Shred Zeppelin: How to Play Like Jimmy Page
An analysis of Jimmy Page's playing style, courtesy of Guitar World's Jimmy Brown.
Though he's mostly revered for his huge-sounding, eternally cool riffs, inventive altered tunings, acoustic fingerpicking masterpieces and otherworldly, ambient soundscapes, Jimmy Page also is one of the most influential lead guitarists in rock.
That his solos in such Led Zeppelin classics as "Good Times, Bad Times," "Heartbreaker," "Rock And Roll" and "Stairway To Heaven" are so firmly etched in two generations of guitarists' memories is testimony to his compositional and improvisational genius.
In this lesson, we'll examine the main technical elements and improvisational approaches that characterize Page's soloing style, and we'll look at some of his signature licks.
The Smear Box
Jimmy relies heavily on the minor pentatonic "box" pattern illustrated in FIGURE 1 for many of his licks, using mostly the top three or four strings. When he does go down to the bottom string, he'll shift positions with his middle or ring finger on the 5th string, as indicated here.
FIGURE 2 shows this fretboard pattern in the key of E with the root note E falling on the top and bottom strings at the 12th fret. Using this visual pattern as a template, Jimmy will often begin a phrase by playing the Chuck Berry-influenced "smear" motif shown in FIGURE 3 in the key of E.
This lick begins with a whole-step bend on the G string from the fourth up to the fifth (A to B). The bend is executed with either the ring or middle finger while the index-finger barres the root-fifth doublestop on the top two strings.
Page utilizes this smear motif as a springboard to dive into blazing E minor pentatonic speed licks like those shown in FIGURES 4-6. As you play through these figures, notice the use of pull-offs on the top three strings, as well as whole-step bends, such as from the minor third up to the fourth (G to A) on the 1st string at the 15th fret. You can hear Jimmy playing licks along these lines in his solos in "Good Times, Bad Times" (1:30), "Dazed and Confused" (3:52), "The Lemon Song" (1:51) and "Communication Breakdown."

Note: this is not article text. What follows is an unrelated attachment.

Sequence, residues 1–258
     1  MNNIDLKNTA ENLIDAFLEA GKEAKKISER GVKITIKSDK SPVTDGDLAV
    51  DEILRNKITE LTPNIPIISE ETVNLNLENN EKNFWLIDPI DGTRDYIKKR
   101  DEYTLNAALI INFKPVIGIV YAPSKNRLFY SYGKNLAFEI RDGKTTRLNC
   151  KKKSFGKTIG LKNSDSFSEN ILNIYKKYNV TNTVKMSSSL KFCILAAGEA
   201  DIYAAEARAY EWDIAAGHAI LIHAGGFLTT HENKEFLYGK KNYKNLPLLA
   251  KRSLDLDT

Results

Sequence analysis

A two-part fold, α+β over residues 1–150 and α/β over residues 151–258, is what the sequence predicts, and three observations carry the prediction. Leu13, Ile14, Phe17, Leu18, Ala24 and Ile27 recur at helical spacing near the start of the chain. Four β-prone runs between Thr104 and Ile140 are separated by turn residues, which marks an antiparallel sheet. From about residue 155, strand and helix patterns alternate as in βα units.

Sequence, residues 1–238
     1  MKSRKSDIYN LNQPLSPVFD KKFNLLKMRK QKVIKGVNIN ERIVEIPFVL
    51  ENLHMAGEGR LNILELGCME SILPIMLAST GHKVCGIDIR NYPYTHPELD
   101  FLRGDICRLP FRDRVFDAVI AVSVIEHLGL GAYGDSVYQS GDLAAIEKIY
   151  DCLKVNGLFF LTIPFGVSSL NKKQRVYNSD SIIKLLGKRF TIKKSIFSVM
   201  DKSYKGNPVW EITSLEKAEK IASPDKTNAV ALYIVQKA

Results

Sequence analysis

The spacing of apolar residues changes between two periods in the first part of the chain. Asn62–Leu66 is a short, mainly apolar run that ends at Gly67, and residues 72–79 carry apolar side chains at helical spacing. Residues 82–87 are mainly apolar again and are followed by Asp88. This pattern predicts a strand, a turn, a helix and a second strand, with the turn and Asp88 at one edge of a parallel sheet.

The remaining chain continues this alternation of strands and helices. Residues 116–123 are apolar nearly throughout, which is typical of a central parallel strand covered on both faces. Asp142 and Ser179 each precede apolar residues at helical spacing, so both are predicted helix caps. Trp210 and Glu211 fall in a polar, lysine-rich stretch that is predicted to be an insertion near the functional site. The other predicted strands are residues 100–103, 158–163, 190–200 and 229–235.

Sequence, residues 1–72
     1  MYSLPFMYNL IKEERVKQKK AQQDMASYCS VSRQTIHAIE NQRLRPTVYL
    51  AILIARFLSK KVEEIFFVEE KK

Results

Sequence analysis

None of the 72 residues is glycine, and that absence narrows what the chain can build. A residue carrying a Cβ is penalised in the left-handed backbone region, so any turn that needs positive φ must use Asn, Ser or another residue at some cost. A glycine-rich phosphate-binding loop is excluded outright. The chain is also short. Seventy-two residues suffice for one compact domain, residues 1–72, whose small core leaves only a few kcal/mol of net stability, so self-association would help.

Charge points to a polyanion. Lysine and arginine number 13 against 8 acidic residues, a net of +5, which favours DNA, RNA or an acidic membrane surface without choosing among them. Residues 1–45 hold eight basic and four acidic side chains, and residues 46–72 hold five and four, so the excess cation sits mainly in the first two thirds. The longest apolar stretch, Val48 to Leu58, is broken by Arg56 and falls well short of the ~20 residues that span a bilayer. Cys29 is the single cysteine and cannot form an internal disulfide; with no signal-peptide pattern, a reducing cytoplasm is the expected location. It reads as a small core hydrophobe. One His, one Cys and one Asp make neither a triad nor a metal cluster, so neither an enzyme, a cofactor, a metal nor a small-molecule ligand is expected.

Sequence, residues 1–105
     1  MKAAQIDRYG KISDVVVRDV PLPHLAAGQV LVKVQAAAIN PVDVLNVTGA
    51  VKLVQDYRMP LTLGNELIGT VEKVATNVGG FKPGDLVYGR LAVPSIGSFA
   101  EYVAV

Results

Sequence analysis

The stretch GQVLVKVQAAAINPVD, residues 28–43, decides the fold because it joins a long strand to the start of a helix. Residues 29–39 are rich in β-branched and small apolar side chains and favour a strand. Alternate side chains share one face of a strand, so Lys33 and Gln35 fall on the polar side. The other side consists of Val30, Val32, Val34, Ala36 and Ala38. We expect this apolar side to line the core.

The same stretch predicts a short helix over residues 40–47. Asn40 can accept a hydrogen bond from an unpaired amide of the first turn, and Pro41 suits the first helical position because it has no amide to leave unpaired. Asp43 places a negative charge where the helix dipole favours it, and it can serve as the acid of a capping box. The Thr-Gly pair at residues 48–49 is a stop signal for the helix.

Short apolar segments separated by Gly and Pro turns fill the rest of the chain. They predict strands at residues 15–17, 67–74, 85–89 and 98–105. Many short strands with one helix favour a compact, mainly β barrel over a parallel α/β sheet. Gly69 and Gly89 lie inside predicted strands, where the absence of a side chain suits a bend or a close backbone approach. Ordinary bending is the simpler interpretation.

Jimmy also uses these same types of repeating smear/pull-off licks in different keys. For example, in his outro solo to "Black Dog" (4:12), he plays a lick similar to the one shown in FIGURE 6, but in the key of A using the 5th-position A minor pentatonic (A C D E G) box pattern illustrated in FIGURE 7. In his first two lead phrases in "Moby Dick" (:36 and :41), he uses this same fretboard shape in the 10th position (see Figure 8) to play scorching blues licks in D minor pentatonic.
Page utilizes this same fretboard shape to play major pentatonic licks as well. He does this by simply moving the minor pentatonic box pattern shown in FIGURE 1 down three frets, transforming it into a major pentatonic box pattern in the same key, as illustrated in FIGURE 9.
If you compare the E minor and E major pentatonic box patterns depicted in FIGURES 2 and 10, you'll notice that the fingering patterns are identical, but that the notes assume different harmonic functions. This simple three-fret transposition enables Jimmy to transform minor pentatonic licks into major pentatonic licks (and vice versa) in the same key using the same fretboard shapes and fingering patterns.
Jimmy applies this transposition principle brilliantly in his "Communication Breakdown" solo. After playing several measures of rather dark sounding E minor pentatonic blues licks in the 12th position, he suddenly creates a lighter shade of blue by playing E major pentatonic licks using the exact same fretboard pattern in the 9th position.
Page uses this same major pentatonic box pattern illustrated in FIGURE 9 to play bright-sounding country-style licks, most notably in "The Song Remains the Same" (in D, 7th position, at :58, and in A, 2nd position, at 4:19), "Celebration Day" (in C, 17th position, at 1:46, and 5th position at 1:53) and "Houses of the Holy" (in A, 2nd position, at 1:11).
FIGURE 11 is a signature Jimmy Page "wall of notes" triplet run played in the 12th-position E minor pentatonic box pattern illustrated in FIGURE 2. You can hear him playing similarly blistering runs, both ascending and descending, in "Good Times, Bad Times" (at 1:30, 2:02 and 2:33) using this same fretboard pattern. In "I Can't Quit You Baby" (2:29), he plays almost the same lick in A minor pentatonic using the box pattern depicted in FIGURE 7.
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